Luckily, I don’t loathe the Book Review or Sam Tanenhaus, and I don’t think anybody else does either. I do sometimes fling a bit of invective in the editor’s direction, but honestly I only do this when I think I’ve got a funny line. And yes, I do have some serious misgivings about Tanenhaus’s editorial judgement. In his writings and personal appearances, he does not show the singular sensitivity towards fiction and poetry I’d hope to see in a New York Times Book Review editor. His approach seems a bit too corporate and too cautious for my tastes. Doesn’t the NYTBR deserve a Kurt Anderson, a David Remnick, a George Plimpton at its helm? Tanenhaus does not appear to have the steely independence, nor the transcendent vision, required of a great editor. And I think the New York Times Book Review is a great publication that deserves a great editor.

I don’t think Tanenhaus does an absolutely terrible job, though. If he did, I wouldn’t bother reading the Book Review every week, much less writing about it. It’s a good publication produced at a fast pace, and I’m sure Sam Tanenhaus deserves more credit than I usually give him, though maybe less than Mark Sarvas offers.

5 Responses

  1. Movie StarsI’ve always
    Movie Stars

    I’ve always resisted comparing my characters to famous personalities, even though, at times, it was tempting. It felt like cheating – taking the easy way out. Also, not everyone knows movie stars, especially after time passes, and somebody who is famous now might be obscure later. I quoted a line from William S. Burroughs to my son, “Daddy Longlegs looked like Uncle Sam on stilts.” My son asked me who “Uncle Sam” was. Kerouac referenced W.C. Fields more than once in Dr. Sax but I have a feeling many younger readers don’t know who Fields is. Ever since I was a kid, if I come across something in a book that puzzles me, I look it up, but I’m not sure I want to rely on readers doing this for my prose.

    A friend of mine said that Stephen King often uses movie stars to describe his characters. That could be a pro or a con, depending on your point of view. King probably just assumes Robert Loggia will play the General in his next TV mini-series.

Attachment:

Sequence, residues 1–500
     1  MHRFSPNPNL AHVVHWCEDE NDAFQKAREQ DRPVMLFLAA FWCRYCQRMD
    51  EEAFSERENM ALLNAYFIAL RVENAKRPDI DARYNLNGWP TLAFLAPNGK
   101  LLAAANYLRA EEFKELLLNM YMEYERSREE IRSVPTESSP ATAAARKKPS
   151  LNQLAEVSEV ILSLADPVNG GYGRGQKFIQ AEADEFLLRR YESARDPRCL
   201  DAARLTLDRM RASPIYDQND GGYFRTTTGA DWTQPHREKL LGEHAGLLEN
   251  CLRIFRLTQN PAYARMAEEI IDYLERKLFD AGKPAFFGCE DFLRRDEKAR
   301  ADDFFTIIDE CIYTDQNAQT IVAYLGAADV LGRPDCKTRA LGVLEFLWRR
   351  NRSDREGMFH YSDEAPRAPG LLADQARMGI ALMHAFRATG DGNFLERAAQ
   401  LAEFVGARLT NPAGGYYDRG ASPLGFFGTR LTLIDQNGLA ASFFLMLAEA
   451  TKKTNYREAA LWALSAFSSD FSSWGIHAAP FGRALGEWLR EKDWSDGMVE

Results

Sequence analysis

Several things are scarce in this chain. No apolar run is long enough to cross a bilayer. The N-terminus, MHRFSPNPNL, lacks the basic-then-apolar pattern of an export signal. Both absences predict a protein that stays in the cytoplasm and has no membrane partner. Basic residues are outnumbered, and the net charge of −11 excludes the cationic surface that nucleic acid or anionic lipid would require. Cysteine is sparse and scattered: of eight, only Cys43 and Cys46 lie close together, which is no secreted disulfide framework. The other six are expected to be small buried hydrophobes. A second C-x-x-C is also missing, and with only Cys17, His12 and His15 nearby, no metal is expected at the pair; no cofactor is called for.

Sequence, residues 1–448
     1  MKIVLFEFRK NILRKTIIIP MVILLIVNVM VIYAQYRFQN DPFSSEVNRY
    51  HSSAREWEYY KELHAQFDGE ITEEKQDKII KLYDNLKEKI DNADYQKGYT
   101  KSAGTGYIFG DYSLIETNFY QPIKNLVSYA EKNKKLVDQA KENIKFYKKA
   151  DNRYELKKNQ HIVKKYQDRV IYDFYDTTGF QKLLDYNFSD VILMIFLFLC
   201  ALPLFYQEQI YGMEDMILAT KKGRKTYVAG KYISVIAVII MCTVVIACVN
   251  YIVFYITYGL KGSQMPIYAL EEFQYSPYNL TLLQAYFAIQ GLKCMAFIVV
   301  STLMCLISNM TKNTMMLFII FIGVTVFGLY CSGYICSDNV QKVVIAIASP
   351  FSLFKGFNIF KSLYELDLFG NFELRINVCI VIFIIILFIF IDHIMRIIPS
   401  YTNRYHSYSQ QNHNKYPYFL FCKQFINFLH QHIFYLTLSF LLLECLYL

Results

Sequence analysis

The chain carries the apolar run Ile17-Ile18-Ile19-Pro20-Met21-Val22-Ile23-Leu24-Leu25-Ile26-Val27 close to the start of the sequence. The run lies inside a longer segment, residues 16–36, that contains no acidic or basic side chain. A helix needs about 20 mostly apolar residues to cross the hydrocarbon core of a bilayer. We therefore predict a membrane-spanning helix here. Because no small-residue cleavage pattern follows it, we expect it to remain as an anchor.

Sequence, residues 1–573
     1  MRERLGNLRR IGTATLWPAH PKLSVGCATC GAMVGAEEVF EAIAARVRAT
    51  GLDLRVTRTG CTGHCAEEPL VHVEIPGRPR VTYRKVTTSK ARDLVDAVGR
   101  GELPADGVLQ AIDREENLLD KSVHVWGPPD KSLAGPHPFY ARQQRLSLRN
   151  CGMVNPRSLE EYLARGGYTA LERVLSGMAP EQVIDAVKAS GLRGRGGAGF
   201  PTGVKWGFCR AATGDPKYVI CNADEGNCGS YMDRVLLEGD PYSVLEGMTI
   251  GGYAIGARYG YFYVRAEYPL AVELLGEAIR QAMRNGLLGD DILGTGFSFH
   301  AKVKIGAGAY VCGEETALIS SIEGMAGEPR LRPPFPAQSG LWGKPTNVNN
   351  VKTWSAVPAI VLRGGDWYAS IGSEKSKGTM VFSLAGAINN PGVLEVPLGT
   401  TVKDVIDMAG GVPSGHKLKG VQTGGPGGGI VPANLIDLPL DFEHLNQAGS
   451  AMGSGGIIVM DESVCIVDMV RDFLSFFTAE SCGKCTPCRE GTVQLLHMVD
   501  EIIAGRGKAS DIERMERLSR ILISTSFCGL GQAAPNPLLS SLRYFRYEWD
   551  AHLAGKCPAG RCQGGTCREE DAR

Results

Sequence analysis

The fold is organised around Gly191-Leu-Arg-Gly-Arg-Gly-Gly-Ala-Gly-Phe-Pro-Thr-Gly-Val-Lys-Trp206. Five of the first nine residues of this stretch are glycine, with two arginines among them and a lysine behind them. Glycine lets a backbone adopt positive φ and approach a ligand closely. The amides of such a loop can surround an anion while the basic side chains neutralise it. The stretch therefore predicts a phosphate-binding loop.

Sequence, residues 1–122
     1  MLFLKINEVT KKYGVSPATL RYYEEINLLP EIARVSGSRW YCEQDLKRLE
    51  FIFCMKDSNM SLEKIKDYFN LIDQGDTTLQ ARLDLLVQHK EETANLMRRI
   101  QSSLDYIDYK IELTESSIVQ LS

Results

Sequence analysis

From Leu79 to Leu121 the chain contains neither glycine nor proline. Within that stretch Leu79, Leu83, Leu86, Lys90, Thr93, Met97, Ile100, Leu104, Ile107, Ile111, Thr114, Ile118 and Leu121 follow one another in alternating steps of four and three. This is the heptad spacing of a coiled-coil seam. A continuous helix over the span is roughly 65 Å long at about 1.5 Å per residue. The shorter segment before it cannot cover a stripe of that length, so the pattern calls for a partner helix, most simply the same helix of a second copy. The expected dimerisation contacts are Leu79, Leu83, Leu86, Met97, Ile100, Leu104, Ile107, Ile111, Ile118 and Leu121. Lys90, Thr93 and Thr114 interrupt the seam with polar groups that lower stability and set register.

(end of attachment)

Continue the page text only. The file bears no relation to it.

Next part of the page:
Here is a paradox: If I compare one of my characters to an actor, it might be viewed as “dumbing down” my work. But if someone has to look up the character to understand what I’m talking about, they are exhibiting smart reader behavior.

    What does everyone else think?

  2. I do agree that a writer
    I do agree that a writer appears to be taking the lazy way out when describing a character by comparison to a celebrity. Personally, I would try to avoid it.

    Bill, your point that Kerouac also compares characters to W. C. Fields is interesting — I’m pretty sure he also compares a character to Harpo Marx at one point, though the exact reference escapes me (although it also counts that he named a character “Carlo Marx”).

    Also interesting that you mention Stephen King in this context — the author we’re discussing here, Joe Hill, is Stephen King’s son.

  3. Wow, I didn’t know Hill was
    Wow, I didn’t know Hill was King’s son. Now I see the resemblence in his photo. I’ll say this, he has a hell of a cool website for Heart Shaped Box.

  4. I don’t describe characters
    I don’t describe characters by comparing them to actors. For one thing, since I don’t watch much TV or see many movies, I generally have no idea who a particular actor might be, much less what s/he looks like. For another, I never assume that the TV/film I do watch is the same stuff viewed by others (in fact, I know it is not). I’m seldom aware of who the current “hot stars” might be, and as the classic actors become more forgotten, I find no shared touchstone for this sort of reference. Ironically, I live & work in Hollywood, where celebrity and notoriety can get you more than a credit card or a lump of cash. My dimness about such things is the source of great amusement among my celebrity-wise friends. Although living here has taught me one thing: what you think the matinee idol looks like from his/her movies if often nothing like their appearance in “real life.”

  5. That’s funny, because every
    That’s funny, because every character I write is a Phyllis Diller/Carol Channing hybrid. Especially the men.

    I never turn my TV off.